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Given $n$ distinct elements.

Is there a sorting algorithm which ensures that every element is compared atmost $\lg n$ time?

Or is there a higher lower bound?

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    $\begingroup$ You can get $O((\log n)^2)$ using a sorting network, or even $O(\log n)$ with a huge constant according to Wikipedia. $\endgroup$
    – xavierm02
    Commented May 12, 2017 at 13:38
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    $\begingroup$ $O(\lg^2 n )$ is easy to obtain with just simple merge sort. Okay ty for the answer $\endgroup$
    – Vk1
    Commented May 12, 2017 at 16:21
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    $\begingroup$ @xavierm02 the log-depth sorting network seems to completely answer the question; please post as an answer! (even though it's available on Wikipedia, the OP obviously didn't know to search for the term "sorting network") $\endgroup$ Commented May 13, 2017 at 17:10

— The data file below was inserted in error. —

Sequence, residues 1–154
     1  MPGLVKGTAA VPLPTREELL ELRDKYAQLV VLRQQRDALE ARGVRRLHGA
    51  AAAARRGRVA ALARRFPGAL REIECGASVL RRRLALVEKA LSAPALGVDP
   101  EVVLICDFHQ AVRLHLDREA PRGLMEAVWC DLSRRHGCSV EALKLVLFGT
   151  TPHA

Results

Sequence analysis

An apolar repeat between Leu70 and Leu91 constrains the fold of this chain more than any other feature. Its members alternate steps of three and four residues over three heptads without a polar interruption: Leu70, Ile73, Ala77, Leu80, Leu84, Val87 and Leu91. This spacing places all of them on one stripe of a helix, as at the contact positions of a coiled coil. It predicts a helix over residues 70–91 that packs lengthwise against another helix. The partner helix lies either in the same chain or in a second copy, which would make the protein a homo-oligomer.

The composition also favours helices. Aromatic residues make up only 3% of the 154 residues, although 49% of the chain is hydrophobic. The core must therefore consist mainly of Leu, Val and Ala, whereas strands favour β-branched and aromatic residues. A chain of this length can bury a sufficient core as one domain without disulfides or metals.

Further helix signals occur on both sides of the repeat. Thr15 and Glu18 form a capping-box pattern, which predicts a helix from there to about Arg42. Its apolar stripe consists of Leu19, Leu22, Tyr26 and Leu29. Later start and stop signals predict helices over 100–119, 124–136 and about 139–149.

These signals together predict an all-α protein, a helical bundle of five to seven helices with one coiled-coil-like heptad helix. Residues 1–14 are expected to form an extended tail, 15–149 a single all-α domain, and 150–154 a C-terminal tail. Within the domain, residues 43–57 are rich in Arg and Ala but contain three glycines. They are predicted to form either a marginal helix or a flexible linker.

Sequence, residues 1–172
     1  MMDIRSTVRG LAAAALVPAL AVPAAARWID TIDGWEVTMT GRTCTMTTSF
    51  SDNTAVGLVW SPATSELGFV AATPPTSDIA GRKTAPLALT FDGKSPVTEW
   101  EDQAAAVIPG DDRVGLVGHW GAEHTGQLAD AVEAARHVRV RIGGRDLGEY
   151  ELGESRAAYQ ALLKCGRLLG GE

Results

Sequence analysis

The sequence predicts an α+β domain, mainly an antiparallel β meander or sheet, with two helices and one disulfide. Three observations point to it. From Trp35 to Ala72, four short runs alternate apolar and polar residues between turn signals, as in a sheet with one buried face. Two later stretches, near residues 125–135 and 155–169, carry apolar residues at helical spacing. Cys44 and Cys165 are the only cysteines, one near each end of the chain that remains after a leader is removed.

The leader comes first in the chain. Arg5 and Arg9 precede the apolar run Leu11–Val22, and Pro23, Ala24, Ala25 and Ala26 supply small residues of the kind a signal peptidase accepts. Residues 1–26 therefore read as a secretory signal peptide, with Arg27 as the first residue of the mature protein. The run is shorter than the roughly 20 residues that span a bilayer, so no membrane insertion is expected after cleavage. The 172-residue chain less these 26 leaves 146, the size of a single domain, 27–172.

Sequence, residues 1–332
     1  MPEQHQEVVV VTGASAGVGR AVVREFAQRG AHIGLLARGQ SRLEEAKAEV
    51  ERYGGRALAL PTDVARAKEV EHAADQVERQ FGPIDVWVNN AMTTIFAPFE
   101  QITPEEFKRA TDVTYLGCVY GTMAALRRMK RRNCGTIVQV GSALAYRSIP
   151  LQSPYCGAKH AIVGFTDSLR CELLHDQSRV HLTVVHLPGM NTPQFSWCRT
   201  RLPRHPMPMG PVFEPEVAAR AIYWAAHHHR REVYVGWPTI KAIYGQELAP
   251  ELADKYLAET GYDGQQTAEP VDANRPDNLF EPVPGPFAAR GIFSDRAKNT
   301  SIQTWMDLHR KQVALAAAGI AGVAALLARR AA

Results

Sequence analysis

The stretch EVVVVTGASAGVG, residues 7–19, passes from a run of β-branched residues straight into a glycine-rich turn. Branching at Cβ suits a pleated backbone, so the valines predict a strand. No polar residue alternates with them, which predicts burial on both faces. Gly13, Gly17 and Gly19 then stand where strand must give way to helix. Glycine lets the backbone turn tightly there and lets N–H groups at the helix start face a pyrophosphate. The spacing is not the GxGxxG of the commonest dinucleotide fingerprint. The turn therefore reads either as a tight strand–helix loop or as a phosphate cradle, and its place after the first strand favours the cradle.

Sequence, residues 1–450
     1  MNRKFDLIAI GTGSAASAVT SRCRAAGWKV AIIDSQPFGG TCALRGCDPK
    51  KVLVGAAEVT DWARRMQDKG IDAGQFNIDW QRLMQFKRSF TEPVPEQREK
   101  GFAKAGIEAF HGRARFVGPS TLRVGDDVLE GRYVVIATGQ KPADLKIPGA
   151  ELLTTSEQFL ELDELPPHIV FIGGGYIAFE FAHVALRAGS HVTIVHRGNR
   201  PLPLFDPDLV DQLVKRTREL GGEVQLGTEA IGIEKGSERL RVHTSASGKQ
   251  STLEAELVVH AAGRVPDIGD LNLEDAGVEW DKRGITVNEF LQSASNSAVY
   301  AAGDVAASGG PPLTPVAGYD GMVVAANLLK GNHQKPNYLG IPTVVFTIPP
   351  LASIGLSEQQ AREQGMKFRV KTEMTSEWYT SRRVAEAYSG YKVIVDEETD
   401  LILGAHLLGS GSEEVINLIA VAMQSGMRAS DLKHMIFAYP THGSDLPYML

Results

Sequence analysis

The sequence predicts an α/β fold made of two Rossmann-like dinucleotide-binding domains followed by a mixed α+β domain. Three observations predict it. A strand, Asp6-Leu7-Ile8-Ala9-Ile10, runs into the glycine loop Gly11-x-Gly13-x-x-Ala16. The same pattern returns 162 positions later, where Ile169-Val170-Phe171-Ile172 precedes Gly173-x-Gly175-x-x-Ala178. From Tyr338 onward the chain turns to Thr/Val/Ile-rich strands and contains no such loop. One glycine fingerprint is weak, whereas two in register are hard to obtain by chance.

• $\begingroup$ @user13857 I'm having trouble seeing how one would prove that merge sort gives $O(\log^2 n)$. It feels like some element could be compared to half of the array (if when merging the two halves, all elements on the right are bigger than all elements on the left, then the first element on the right will be compared to all elements on the left). $\endgroup$
    – xavierm02
    Commented May 15, 2017 at 12:11
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    $\begingroup$ A different $O(\log n)$ algorithm is given in the answer to cstheory.stackexchange.com/questions/7131/… . $\endgroup$ Commented May 16, 2017 at 10:01

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Note that in a sorting network, the number of times an element is compared is bounded by the depth of the network. There are several simple sorting networks of depth $O((\log n)^2)$. The AKS network has a depth of $O(\log n)$ with a huge constant (according to Wikipedia).

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